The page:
A criminal defendant has a due process right to be sentenced on the basis of reliable information. United States v. Vold, 66 F.3d 915, 918 (7th Cir. 1995). Further, the government must establish the appropriateness of a sentencing enhancement by a preponderance of the evidence. Id. at 920. The testimony of one witness, even if arguably biased against the defendant, can be sufficient to support a finding of fact at sentencing. Id. Further, the judge may consider information beyond the scope of trial in sentencing the defendant, including the presentence report and information obtained during the plea hearings of co-defendants. United States v. Nesbitt, 852 F.2d 1502, 1521 (7th Cir. 1988), cert. denied, 488 U.S. 1015 (1988). See also United States v. Mustread, 42 F.3d 1097, 1101-2 (7th Cir. 1994); United States v. Morales, 994 F.2d 386 (7th Cir. 1993).
The district judge properly relied on the PSR and Agent Dills' testimony to support the firearm enhancement. Tardieff never challenged the PSR on this point, and his plea agreement specifically acknowledged that the enhancement was appropriate. (Record # 51 at 2). A defendant's offense level may be enhanced pursuant to U.S.S.G. § 2D1.1(b) (1) if: (1) a co-conspirator possessed a firearm during acts in furtherance of the conspiracy; and (2) the co-conspirator's possession of the firearm was reasonably foreseeable to the defendant. Vold, 66 F.3d at 920. The PSR and Agent Dills' testimony indicate Alexander was carrying a firearm to the drug transaction and that Tardieff was aware of that fact.5 The enhancement was proper in these circumstances.
The issue regarding Tardieff's role in the offense is somewhat closer, but also meritless. This court will not disturb the district court's assessment that a defendant played an aggravating role in the offense, unless that decision is clearly erroneous. United States v. Granado, 72 F.3d 1287, 1290 (7th Cir. 1995). We also note that middlemen are not immune from the application of § 3B1.1. United States v. Young, 34 F.3d 500, 508 (7th Cir. 1994). Section 3B1.1(b) provides: "If the defendant was a manager or supervisor (but not an organizer or leader) and the criminal activity involved five or more participants or was otherwise extensive, increase by three levels." U.S.S.G. § 3B1.1(b). In distinguishing a leadership or organizational role from mere management or supervision, a court should consider the following factors:
the exercise of decision making authority, the nature of participation in the commission of the offense, the recruitment of accomplices, the claimed right to a larger share of the fruits of the crime, the degree of participation in planning or organizing the offense, the nature and scope of the illegal activity, and the degree of control and authority exercised over others.
U.S.S.G. § 3B1.1, comment (n. 4). This court has relied upon these same factors in ascertaining whether a defendant qualifies as a supervisor or manager. United States v. Fones, 51 F.3d 663, 665 (7th Cir. 1995).
The district court had the benefit of the PSR, Agent Dills' testimony, Tardieff's testimony, and what he learned in taking the codefendants' pleas in assessing Tardieff's role in the offense. Judge Tinder specifically rejected Tardieff's claim that he was a passive middleman. The district judge's detailed analysis of the seven factors indicates Tardieff was properly deemed a manager or supervisor. (Record # 67 at 42-45).6 However, Tardieff could argue that an "adjustment" under § 3B1.1 was improper, because he did not "control" at least one participant. This court has held that, since the 1993 amendments to the guidelines, a defendant must control at least one person to qualify for an adjustment, rather than an upward departure, under § 3B1.1(b). Fones, 51 F.3d at 668-69 (citing U.S.S.G. § 3B1.1, comment (n. 2)).7 However, the defendant need not control every participant. Dillard, 43 F.3d at 307. In addition, this court has held that recruitment is sufficient to establish control over another participant. Fones, 51 F.3d at 670 n. 5. Tardieff's claim fails because the district court specifically found that Tardieff recruited the chief recruiter, Riding. (Record # 67 at 42-43).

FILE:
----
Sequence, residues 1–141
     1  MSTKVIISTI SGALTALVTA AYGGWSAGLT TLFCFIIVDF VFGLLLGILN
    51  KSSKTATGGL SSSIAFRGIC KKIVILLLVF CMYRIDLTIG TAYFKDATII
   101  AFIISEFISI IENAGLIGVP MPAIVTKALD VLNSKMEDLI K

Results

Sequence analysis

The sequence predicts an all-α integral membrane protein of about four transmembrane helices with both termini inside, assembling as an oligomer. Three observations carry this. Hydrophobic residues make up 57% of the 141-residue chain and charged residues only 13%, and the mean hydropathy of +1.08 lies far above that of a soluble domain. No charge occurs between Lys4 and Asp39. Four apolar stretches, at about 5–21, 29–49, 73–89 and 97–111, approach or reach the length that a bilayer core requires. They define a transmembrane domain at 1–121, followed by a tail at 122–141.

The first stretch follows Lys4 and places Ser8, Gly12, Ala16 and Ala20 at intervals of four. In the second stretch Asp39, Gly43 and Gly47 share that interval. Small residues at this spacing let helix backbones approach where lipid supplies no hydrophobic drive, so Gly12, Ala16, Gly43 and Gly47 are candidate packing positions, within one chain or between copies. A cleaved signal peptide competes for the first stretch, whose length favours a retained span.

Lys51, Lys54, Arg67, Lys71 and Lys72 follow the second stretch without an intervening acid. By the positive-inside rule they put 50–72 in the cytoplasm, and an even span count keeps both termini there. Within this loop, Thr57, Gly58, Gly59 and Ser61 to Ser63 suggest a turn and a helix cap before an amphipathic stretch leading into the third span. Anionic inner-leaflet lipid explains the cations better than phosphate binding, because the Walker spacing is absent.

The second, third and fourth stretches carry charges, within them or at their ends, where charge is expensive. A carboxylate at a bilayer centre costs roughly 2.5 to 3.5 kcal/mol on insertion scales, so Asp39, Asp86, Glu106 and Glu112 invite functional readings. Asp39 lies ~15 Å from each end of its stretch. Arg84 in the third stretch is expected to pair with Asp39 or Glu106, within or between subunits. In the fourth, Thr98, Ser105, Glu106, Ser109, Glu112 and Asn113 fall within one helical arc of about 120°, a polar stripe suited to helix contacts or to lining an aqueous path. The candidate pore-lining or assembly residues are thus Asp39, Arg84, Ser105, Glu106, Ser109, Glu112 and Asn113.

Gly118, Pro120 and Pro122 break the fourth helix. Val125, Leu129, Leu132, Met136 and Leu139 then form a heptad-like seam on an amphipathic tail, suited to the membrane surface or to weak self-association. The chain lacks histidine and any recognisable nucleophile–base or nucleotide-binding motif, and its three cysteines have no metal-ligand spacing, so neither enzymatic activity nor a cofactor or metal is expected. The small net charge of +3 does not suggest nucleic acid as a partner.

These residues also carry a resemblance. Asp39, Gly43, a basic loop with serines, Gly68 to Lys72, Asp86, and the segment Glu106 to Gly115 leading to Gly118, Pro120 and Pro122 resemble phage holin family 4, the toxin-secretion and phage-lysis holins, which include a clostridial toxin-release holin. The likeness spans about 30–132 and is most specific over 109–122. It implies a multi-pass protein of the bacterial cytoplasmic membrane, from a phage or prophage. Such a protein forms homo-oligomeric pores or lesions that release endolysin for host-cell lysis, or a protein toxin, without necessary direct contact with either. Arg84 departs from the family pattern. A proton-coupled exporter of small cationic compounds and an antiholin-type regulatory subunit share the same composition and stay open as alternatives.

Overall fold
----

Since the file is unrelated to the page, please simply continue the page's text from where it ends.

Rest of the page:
Lastly, Tardieff's criminal history category, offense level, and guideline range were properly calculated, and the judge complied with the requirements of Fed. R. Crim. P. 32 and selected a sentence within the guideline range.8
As our review has located no nonfrivolous issue which warrant review on appeal, THE MOTION TO WITHDRAW IS GRANTED AND THE APPEAL DISMISSED.
See Anders v. California, 386 U.S. 738 (1967). Per Circuit Rule 51(a), Tardieff was notified of his counsel's actions and given the opportunity to respond. Tardieff has done so, raising several issues which are addressed herein
The court noted that while Tardieff appeared to only be challenging his plea to Count II, if counsel was ineffective as to one count he was ineffective as to both. (Record # 33 at 6.)
We parenthetically note the outrageous government conduct doctrine is of dubious viability, see United States v. Garcia, No. 93-2512, slip op. at 3, (7th Cir. March 22, 1996), and a simple reverse sting operation would not, at any rate, qualify as outrageous government conduct. Winston, 34 F.3d at 581 n. 5
In his sworn statements at his second plea hearing, Tardieff indicated he was satisfied with counsel's investigation of the claim and noted he always intended to plead guilty to Count I, and only withdrew his first plea because he did not believe he was guilty of Count II. (Record # 71 at 10, 25-26)
The factual basis presented at the plea hearing included the statement that the search of Tardieff, Alexander and the motel room yielded a firearm. (Record # 71 at 22)
The district court also indicated Tardieff could have even been properly sentenced as an organizer or leader
There is some conflict in Seventh Circuit law on this point. At minimum, a defendant is not required to control another participant for a two point increase under § 3B1.1(c). See United States v. Bush, No. 95-2079, slip op. (7th Cir. March 20, 1996); United States v. Granado, 72 F.3d 1287 (7th Cir. 1995)
Tardieff also argues the prosecutor engaged in misconduct in his argument at sentencing. The record indicates that the prosecutors' argument, while aggressive, drew fair inferences from the record. That Tardieff disagreed with the PSR does not prevent the prosecutor from arguing matters within it